It is time to fight.
I stand here on this hill, and look down on a land that will soon be covered in blood. It's so hard to believe that the emerald carpet that sprawls before me will soon be littered with the empty shells that were once living, breathing, *thinking* beings. All I know will be gone, lost in the dirt and wind that will haunt this place long after my children's children have passed to the paradise above. And here I stand, knowing that in so short a time, nothing will be the same.
I feel the power around me. The Roar. It 'nigh crackles with the tension of a bow-string waiting to be released. Even the windsseem pensive, blowing in sharp gusts that hold no hint of the long, cooling summer breezes that sweep from on end of the Isle to the other. It is as if Mother Nature were trying to knock some sense into our daft minds. I wish there were a way we could listen.
We can't though. We knew this daywould come. We have prepared those who would listen andscreamed 'till we were hoarse at the ose who wouldn't. We've worked every day for the past three years to give this land the chance to learn to protect itself. We will now see if we have done our job well enough.
For, the eve before last, Ciarrn landed. He had beensent tokeep watch on the big island's shore. His duty was to sail quickyback the moment he detected a large, or even sizeable, influxof Roman troops. He says thereare at least a thousand landing on the southern shores.
Ciarrn heard from one of them that they might try and take "the small one to prove the to the Brit Isle they can."
What a reason to destroy so many lives,just to prove you can. One would think I would expect this folly from the Roman's, seeing as I "served" them. It 'tis strange. I still had hoped better from them. For a society that is so well reasoned and 'advanced,' one would think they would be less dumb.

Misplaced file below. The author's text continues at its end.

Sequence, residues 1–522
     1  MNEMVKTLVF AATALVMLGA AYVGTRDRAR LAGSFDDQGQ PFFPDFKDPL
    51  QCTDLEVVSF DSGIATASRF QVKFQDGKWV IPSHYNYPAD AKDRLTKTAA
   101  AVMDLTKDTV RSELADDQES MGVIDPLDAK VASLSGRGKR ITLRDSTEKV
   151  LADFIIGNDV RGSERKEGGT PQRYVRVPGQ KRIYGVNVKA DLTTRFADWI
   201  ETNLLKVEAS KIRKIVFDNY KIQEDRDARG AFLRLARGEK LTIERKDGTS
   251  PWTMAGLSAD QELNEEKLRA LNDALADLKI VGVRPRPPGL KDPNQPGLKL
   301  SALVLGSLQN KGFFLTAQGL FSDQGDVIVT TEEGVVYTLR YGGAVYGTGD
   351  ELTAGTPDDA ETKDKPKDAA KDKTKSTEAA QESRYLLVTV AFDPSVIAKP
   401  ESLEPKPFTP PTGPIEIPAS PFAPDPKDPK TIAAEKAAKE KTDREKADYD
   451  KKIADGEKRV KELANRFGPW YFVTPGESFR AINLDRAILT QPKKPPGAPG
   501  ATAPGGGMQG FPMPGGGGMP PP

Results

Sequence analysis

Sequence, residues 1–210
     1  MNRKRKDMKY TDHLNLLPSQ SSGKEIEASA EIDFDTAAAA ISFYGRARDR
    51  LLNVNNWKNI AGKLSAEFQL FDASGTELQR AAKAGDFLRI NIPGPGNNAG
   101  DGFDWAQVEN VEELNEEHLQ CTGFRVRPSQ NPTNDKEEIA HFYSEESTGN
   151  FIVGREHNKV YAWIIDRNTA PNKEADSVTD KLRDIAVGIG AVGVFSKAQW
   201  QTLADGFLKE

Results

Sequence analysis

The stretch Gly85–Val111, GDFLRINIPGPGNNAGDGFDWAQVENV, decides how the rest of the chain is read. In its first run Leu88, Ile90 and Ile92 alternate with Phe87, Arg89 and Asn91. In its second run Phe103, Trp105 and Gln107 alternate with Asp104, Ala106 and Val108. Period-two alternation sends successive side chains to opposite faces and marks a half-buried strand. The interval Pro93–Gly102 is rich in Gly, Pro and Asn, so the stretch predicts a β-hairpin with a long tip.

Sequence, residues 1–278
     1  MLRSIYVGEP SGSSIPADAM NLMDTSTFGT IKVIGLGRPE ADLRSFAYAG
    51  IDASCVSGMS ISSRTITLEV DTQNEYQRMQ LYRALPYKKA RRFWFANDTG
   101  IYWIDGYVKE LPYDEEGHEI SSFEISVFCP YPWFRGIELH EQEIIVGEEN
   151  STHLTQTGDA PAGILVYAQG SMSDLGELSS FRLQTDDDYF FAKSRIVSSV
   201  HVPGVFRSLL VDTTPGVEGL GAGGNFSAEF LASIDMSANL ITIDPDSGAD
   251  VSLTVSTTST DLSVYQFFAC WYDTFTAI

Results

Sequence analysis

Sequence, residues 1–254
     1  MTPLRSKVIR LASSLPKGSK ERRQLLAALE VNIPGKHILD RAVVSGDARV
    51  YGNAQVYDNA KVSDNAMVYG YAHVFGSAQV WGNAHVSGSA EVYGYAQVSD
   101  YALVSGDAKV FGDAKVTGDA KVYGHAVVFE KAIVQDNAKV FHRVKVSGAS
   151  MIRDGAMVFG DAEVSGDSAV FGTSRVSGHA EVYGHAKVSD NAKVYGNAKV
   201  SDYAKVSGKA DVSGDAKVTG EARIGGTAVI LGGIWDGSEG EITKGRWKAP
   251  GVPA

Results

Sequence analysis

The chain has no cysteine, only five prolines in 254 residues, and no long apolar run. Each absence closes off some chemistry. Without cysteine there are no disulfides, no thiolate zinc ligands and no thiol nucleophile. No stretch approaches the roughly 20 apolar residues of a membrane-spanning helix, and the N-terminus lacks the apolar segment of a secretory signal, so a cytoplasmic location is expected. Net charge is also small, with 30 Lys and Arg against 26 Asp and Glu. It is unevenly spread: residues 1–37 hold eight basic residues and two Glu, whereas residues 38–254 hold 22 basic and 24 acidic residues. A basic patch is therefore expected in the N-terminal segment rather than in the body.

Tully says my ideas are rooted in the hopeless faith I still harbor in the human nature. Fergus just smiles and turns his head. He still thinks I'm naught buta young upstart. It doesn't matter how I prove myself. I am the untutored child he's know for solong. That view will never change. I'm somewhat glad that there is some thing that won't.
It's so strange to think that tomorrow, they might not be here. I pray they do not fall, but it is apossibility. I cannot imagine that life. A life without Tully falling for a new and different maid, or bantering with Fergus. Nor could I picture an eve without Fergus sitting by the cook-fire, the children gathered by his feet as he spins a yarn so intracate and beautiful, even the grown stop to listen.
Nor can I imagine a day without Conor. He is my strength. No matter what has happened to him, the pain of losing his father so brutally, his love not farbehind, or the hell the spear put him through, he has always risen, and been better. He released me from my dead existance and gave me something I hadn't known I'd lost. He gave me color, and beauty, and trust. Through him, I *feel* again. To lose him now...
But those thoughts have no place in the here and now. Now I must concentrate on the horizon, and whatever it may bring. Be it Romans, or peace, I know naught, but for now, I pray it the latter.
So I stand here, holding my weapons at the ready, willing to die for a land I have but recently come to believe in. Ilook down, again, at the rolling grass and flowers below me, etching the picture in my mind, so that I will never forget.
It is time to fight.